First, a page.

- The first commercial offshore turbines are expected to be commissioned in the United States in 2016 amid mixed market signals. At the end of 2015, global offshore wind capacity stood at roughly 12 GW. In the United States, the 30 MW Block Island project off 2015 Wind Technologies Market Report vi the coast of Rhode Island will be the first plant to be commissioned, anticipated by the end of 2016. Projects in Massachusetts, New Jersey, Virginia, and Oregon, meanwhile, all experienced setbacks. Strides continued to be made in the federal arena in 2015, both through the U.S. Department of the Interior’s responsibilities in issuing offshore leases, and the U.S. Department of Energy’s (DOE’s) funding for demonstration projects. A total of 23 offshore wind projects totaling more than 16 GW are in various stages of development in the United States.
- Data from interconnection queues demonstrate that a substantial amount of wind power capacity is under consideration. At the end of 2015, there were 110 GW of wind power capacity within the transmission interconnection queues reviewed for this report, representing 31% of all generating capacity within these queues—higher than all other generating sources except natural gas. In 2015, 45 GW of wind power capacity entered interconnection queues (the largest annual sum since 2010), compared to 58 GW of natural gas and 24 GW of solar. Industry Trends
- GE and Vestas captured 73% of the U.S. wind power market in 2015. Continuing their recent dominance as the three largest turbine suppliers to the U.S., in 2015 GE captured 40% of the market, followed by Vestas (33%) and Siemens (14%). Globally, Goldwind and Vestas were the top two suppliers, followed by GE, Siemens, and Gamesa. Chinese manufacturers continued to occupy positions of prominence in the global ratings, with five of the top 10 spots; to date, however, their growth has been based almost entirely on sales in China.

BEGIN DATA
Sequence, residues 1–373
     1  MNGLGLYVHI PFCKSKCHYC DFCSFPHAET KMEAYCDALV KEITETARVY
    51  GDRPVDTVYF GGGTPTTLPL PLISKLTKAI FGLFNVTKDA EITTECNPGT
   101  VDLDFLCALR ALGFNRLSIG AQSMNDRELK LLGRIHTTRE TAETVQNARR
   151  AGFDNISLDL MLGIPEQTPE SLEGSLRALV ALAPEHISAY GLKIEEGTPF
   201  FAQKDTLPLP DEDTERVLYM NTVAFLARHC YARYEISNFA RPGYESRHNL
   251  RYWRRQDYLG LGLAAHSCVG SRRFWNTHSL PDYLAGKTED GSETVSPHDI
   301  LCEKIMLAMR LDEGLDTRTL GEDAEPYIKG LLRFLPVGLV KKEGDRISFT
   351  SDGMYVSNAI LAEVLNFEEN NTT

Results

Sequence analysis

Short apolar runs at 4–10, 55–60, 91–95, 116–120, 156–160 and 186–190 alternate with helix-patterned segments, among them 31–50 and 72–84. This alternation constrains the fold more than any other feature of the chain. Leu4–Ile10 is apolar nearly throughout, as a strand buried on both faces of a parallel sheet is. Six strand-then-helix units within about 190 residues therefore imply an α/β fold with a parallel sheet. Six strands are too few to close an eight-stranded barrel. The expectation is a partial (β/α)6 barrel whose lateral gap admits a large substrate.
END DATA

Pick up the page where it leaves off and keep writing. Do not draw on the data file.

- The manufacturing supply chain continued to adjust to swings in domestic demand for wind equipment. With growth in the U.S. market, wind sector employment reached a new high of 88,000 full-time workers at the end of 2015. Moreover, the profitability of turbine suppliers has rebounded over the last three years. Although there have been a number of recent plant closures, each of the three major turbine manufacturers serving the U.S. market has one or more domestic manufacturing facilities. Domestic nacelle assembly capability stood at roughly 10 GW in 2015, and the United States also had the capability to produce approximately 7 GW of blades and 6 GW of towers annually. Despite the significant growth in the domestic supply chain over the last decade, conflicting pressures remain, such as: an upswing in near- to medium-term expected growth, but also strong international competitive pressures and possible reduced demand over time as the PTC is phased down. As a result, though many manufacturers increased the size of their U.S. workforce in 2015, expectations for significant supply-chain expansion have become more pessimistic.
- Domestic manufacturing content is strong for some wind turbine components, but the U.S. wind industry remains reliant on imports. The U.S. is reliant on imports of wind equipment from a wide array of countries, with the level of dependence varying by component. Domestic content is highest for nacelle assembly (>85%), towers (80-85%), and blades and hubs (50-70%), but is much lower (
For the full 102 page report: http://goo.gl/VXAkci